Oxford University Builds VMware Private Cloud

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Oxford University will offer managed cloud IT services to other universities in Britain

Oxford University is building its own private cloud, based on VMware’s vCloud suite, in a move that will allow it to become a shared service provider for various Oxford colleges, as well as other universities around the UK.

Oxford is a long-standing VMware customer, and already provides virtual machines and services to colleges and departments of the university using a vSphere platform. However, according to Jon Hutchings, senior systems engineer at Oxford University Computing Services (OUCS), the organisation now aims to provide a “world-class platform” that will encourage people to buy into the idea of cloud computing.

“Oxford operates on a principle where everything’s done locally within your department or college,” explained Hutchings at a VMworld press event in Copenhagen. “Obviously, within IT, that can lead to significant duplication of effort and resources, and it’s not the most efficient way to do things in the modern IT world.”

Resisting the cloud

The university has built a new physical data centre, which Hutchings says is “as environmentally efficient as a large data centre can be”. While outsourcing the data to a managed services provider like Colt might have been easier than deploying a private cloud, the funding bodies that control the university’s research data are very restrictive about where that data can live.

“They’re really not happy about moving it outside the bounds of a university data centre – particularly with clinical trial data and medical data,” said Hutchings. “I’m sure that will change over time but we have to deal with the demands of our users now.”

There is also an advantage in having a solid on-premise infrastructure as organisations move to a hybrid cloud model, said Huntchings, as it is something to fall back on if any problems arise with the cloud provider. “It’s all very well to say you’ve put all your workloads in the cloud, but if you want to take them out, where are you going to put them?”

Moreover, there is a cultural problem with moving to a private cloud infrastructure, to do with IT officers wanting to retain control. “They see any centralisation as taking away the interesting part of their job,” he said.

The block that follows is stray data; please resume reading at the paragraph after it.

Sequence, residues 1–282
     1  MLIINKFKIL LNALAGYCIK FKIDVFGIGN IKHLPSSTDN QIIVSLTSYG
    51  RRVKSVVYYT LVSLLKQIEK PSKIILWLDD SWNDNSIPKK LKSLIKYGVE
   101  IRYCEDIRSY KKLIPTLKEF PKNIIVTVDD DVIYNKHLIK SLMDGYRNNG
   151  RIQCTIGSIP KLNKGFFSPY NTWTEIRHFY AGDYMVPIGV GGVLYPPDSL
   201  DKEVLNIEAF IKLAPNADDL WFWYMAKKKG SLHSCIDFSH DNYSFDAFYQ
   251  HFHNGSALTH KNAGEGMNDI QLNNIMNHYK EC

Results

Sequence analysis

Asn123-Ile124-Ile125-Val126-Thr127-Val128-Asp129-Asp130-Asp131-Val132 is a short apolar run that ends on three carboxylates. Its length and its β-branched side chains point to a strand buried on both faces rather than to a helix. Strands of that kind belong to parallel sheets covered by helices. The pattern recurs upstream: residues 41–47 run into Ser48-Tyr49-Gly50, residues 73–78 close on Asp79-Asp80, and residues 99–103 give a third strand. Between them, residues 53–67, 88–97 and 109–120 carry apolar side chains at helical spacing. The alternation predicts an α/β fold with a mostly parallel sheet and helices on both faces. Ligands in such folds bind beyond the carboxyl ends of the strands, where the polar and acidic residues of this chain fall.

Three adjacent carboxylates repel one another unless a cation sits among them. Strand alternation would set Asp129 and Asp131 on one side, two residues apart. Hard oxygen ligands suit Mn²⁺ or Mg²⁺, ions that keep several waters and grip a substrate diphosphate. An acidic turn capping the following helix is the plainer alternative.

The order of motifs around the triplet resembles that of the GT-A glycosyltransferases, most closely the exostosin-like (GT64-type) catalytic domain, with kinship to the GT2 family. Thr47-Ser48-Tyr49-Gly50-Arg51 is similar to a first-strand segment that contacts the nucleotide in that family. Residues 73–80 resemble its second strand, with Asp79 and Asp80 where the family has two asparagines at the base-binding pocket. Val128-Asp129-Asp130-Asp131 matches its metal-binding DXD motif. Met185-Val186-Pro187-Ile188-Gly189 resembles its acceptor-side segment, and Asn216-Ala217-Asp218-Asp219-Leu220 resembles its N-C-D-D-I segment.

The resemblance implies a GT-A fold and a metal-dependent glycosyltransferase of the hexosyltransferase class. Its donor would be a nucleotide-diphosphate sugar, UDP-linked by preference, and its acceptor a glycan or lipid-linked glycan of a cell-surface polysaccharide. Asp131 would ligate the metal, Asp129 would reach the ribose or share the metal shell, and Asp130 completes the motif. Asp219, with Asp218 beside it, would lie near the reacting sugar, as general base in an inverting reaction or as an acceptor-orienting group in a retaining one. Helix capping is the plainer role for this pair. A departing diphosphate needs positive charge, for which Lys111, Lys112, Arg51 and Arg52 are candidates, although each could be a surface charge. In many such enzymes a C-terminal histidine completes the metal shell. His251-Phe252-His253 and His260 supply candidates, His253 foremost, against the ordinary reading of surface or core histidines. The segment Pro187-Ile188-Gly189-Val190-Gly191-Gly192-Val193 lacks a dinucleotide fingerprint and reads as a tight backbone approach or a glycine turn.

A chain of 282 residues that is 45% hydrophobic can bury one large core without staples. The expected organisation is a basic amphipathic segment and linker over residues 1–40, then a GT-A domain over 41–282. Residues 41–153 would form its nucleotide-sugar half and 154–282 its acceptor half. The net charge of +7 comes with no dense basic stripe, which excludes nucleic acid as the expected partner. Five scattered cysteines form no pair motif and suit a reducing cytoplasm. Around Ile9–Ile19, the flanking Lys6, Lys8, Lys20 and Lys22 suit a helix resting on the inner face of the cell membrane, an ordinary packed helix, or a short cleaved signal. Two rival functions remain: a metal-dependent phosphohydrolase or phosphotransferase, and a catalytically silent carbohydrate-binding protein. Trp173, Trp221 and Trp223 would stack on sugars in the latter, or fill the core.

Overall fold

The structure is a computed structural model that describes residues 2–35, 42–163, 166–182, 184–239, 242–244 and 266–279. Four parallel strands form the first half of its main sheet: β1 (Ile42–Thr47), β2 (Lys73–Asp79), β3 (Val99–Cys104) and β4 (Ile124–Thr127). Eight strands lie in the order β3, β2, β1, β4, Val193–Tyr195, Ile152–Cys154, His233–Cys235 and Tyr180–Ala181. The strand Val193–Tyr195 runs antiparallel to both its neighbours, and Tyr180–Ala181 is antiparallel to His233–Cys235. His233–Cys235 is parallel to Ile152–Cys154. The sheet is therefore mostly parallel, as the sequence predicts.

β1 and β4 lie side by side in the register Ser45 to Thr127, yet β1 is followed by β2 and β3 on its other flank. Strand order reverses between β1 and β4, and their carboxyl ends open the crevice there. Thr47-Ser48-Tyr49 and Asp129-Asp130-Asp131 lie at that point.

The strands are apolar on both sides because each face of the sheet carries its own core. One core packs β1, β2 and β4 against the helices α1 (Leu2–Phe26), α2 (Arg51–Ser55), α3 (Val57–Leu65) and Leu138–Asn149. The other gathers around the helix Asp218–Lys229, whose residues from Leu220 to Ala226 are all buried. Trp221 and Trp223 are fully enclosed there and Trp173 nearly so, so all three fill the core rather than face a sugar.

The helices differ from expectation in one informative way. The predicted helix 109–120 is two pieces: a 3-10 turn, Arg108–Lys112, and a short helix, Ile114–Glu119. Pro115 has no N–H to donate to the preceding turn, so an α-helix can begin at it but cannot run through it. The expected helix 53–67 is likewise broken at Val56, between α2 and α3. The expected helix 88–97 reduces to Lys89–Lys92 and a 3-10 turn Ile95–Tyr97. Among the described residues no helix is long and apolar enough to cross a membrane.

The undertaking is quite a risk for the university, as OUCS cannot force departments to use cloud services, so it has to make them as attractive as possible to drive uptake and make the investment pay off.

“It’s no good if it takes twice as long to provision something by centralising it as it does to do it locally,” said Hutchings. “We need snappy provisioning.”

Aiming for a hybrid model

The organisation hopes to eventually move to a hybrid cloud model, so that certain workloads can be migrated to a public cloud environment, reducing the need for constant expansion of the university’s private cloud.

This could also be expanded to allow collaborate with more departments or even other universities. Oxford has already been awarded a £1.4 million government grant to provide a service catalogue for the higher education sector in the UK, based on its development of a database-as-a-service offering.

“We see many opportunities to build a really compelling service catalogue for universities to choose from, and push those efficiencies out to the wider sector,” said Hutchings.

Cloud computing has been seen as a good fit for university computing for some time – in 2008, Cambridge University discussed making a cloud service that would be available on a commercial basis to customers outside the university.  It’s been reported that Cambridge has taken a different approach to the cloud infrastructure, using the Cambridge-developed Xen hypervisor, instead of VMware.

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